Helicopter/lawnmower parents are well aware of the state and issues of the world outside their house and lot, economy, job market, and the like; and their knowledge of these things contributes to the anxiety they have towards their children. These parents get worried about what may happen to their child if they (the parents) are not there anymore. Helicopter parents tend to justify the idea that assistance is not a bad thing, rather than it should be viewed as a good thing since it’s purposed to “help” their child towards achieving success. On the other hand, lawnmower parents believe that if it’s a problem they can solve for their child, then it’s supposed to be a good thing if they (the parents) can just “mow down” the problem for the child. Both parenting styles are fueled by their worries for their children.

 

When parents see another helicopter/lawnmower parent implementing a helicopter parenting or lawnmower parenting style, it usually evokes thinking that perhaps there is more that should be done for one’s children. Parents that are “overly involved with their children” seem productive on the surface, which is why parents may feel that they’re not doing enough when observing helicopter/lawnmower parents either from school or neighbors near their house and lot. However, the “excessive monitoring and engagement” from helicopter/lawnmower parents stems from their own past growing up – stemming from lack of attention, neglect, and strong feelings that their own parents didn’t love them enough growing up.

 

Spoiled child

 

Helicopter/Lawnmower Parenting Brings Harm

Given this, the foundation on which helicopter/lawnmower parenting is grounded is one filled with anxiety and worry. Excessive “hovering” over your child and “mowing down” all of their problems for them takes away crucial experiences where the child could improve their capability for strategy and critical thinking. And without the important life skills that a child has to hone in life, there isn’t much they will be able to do independently outside of their house and lot. How can your child ever appreciate what success is if they’ve never experienced struggle? Perseverance is not something that can be taught, for it is something that has to be learned by the child through rejections and failures. It is through hardships that your child becomes stronger. It is through conflicts that pull your child outside of their comfort zone that makes your child mature into someone who can become independent.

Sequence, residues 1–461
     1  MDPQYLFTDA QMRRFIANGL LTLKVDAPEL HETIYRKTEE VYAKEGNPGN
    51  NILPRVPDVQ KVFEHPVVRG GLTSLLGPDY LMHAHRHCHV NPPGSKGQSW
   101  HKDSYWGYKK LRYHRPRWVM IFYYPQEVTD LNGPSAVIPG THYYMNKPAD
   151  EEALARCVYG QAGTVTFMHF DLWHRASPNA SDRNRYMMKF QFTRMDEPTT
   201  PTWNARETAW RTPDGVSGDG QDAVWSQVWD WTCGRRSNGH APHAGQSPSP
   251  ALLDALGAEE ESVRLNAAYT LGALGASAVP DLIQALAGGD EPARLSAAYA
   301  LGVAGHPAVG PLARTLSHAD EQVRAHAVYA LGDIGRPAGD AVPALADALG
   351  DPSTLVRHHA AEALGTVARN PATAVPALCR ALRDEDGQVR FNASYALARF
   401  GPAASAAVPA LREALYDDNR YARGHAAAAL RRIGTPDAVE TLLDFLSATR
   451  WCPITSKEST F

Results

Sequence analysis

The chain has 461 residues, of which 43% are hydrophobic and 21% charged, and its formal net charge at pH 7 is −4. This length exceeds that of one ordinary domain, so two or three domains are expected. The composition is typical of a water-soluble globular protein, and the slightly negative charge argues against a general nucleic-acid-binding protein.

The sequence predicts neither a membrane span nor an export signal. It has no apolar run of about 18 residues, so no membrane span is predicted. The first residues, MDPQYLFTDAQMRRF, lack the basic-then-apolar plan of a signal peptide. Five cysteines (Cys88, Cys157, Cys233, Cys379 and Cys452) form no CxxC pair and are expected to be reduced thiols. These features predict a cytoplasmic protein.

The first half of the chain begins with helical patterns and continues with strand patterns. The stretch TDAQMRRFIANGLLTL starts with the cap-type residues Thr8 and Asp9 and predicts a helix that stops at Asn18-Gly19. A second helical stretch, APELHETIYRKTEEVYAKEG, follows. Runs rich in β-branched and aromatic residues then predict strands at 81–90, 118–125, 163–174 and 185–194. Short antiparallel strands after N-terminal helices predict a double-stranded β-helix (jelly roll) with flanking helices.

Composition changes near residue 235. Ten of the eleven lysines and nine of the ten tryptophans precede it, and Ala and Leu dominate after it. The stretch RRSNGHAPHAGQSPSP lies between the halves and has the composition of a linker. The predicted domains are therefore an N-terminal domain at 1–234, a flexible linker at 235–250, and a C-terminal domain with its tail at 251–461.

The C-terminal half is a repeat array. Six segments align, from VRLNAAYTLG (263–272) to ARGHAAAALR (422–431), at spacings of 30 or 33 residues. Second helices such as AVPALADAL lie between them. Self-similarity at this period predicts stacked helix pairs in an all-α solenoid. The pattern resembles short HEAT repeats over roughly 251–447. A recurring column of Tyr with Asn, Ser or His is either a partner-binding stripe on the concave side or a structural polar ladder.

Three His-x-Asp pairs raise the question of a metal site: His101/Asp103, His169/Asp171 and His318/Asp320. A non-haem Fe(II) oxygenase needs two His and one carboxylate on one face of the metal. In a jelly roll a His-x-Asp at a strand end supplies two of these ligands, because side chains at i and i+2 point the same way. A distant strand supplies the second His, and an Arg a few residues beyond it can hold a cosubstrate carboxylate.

Too much involvement could even lead to unforeseen self-esteem or child development problems in the future when they get older. As they've been spoon-fed through every challenge in life, the child will be more dependent on their parent. Sometimes, leaving them to struggle and fix solutions on their own will make them better.

 

How to Become Better Than a Helicopter/Lawnmower Parent?

Let your child make mistakes. It is part of life to fail and get hurt. The more a child is monitored, assisted, and pampered by their parents, the fewer skills that child will have to face the hardships that life has to offer them, especially when it comes to what’s waiting for the child outside their house and lot. The child has to learn how to go through hard times so that the threshold on which they can handle stress is strengthened. Moreover, hardships are venues for the child to work on important life skills – from something as simple as washing dishes to something as big as achieving success in their career after many failures. Having their parents be there to make things go alright when circumstances go bad will make the child develop a sense of entitlement, and this means that the child will start to believe that things should always go their way. However, life does not always go anyone’s way all the time, and the child must learn how to live with this truth.

 

It is a known concept that there will come a time when the parents will pass away and the child is left to carry on in life. The ultimate responsibility placed upon parentsis to gear their children up for a life where the child can live independently and happily, towards a purpose that is fulfilling and positive.

 

Read more: Parenting 101: Handling your Children’s Tantrums